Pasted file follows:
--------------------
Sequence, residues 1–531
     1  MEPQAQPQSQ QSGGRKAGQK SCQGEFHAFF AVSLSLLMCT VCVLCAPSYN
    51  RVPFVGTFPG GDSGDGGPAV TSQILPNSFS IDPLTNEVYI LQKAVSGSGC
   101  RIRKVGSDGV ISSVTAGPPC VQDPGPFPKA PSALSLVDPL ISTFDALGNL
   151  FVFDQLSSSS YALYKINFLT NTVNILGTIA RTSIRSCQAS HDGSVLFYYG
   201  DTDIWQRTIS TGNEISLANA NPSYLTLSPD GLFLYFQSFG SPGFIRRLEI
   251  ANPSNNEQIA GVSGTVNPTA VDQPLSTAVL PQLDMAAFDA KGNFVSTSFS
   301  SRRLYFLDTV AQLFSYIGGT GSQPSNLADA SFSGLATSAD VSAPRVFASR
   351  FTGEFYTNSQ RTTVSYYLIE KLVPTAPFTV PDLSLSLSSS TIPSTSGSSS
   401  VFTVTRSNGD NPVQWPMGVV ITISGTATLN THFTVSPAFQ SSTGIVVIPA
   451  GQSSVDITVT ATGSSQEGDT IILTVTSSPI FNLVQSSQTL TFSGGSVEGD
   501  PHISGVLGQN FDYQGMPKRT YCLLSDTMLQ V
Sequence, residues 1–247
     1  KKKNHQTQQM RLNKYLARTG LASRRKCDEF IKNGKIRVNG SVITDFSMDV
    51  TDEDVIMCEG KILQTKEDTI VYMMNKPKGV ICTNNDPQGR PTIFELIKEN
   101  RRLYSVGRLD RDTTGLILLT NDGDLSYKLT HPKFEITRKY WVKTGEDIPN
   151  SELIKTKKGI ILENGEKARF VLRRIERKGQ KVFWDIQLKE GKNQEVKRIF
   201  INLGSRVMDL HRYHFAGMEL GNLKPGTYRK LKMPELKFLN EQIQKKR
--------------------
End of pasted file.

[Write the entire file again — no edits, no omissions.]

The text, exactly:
Sequence, residues 1–531
     1  MEPQAQPQSQ QSGGRKAGQK SCQGEFHAFF AVSLSLLMCT VCVLCAPSYN
    51  RVPFVGTFPG GDSGDGGPAV TSQILPNSFS IDPLTNEVYI LQKAVSGSGC
   101  RIRKVGSDGV ISSVTAGPPC VQDPGPFPKA PSALSLVDPL ISTFDALGNL
   151  FVFDQLSSSS YALYKINFLT NTVNILGTIA RTSIRSCQAS HDGSVLFYYG
   201  DTDIWQRTIS TGNEISLANA NPSYLTLSPD GLFLYFQSFG SPGFIRRLEI
   251  ANPSNNEQIA GVSGTVNPTA VDQPLSTAVL PQLDMAAFDA KGNFVSTSFS
   301  SRRLYFLDTV AQLFSYIGGT GSQPSNLADA SFSGLATSAD VSAPRVFASR
   351  FTGEFYTNSQ RTTVSYYLIE KLVPTAPFTV PDLSLSLSSS TIPSTSGSSS
   401  VFTVTRSNGD NPVQWPMGVV ITISGTATLN THFTVSPAFQ SSTGIVVIPA
   451  GQSSVDITVT ATGSSQEGDT IILTVTSSPI FNLVQSSQTL TFSGGSVEGD
   501  PHISGVLGQN FDYQGMPKRT YCLLSDTMLQ V
Sequence, residues 1–247
     1  KKKNHQTQQM RLNKYLARTG LASRRKCDEF IKNGKIRVNG SVITDFSMDV
    51  TDEDVIMCEG KILQTKEDTI VYMMNKPKGV ICTNNDPQGR PTIFELIKEN
   101  RRLYSVGRLD RDTTGLILLT NDGDLSYKLT HPKFEITRKY WVKTGEDIPN
   151  SELIKTKKGI ILENGEKARF VLRRIERKGQ KVFWDIQLKE GKNQEVKRIF
   201  INLGSRVMDL HRYHFAGMEL GNLKPGTYRK LKMPELKFLN EQIQKKR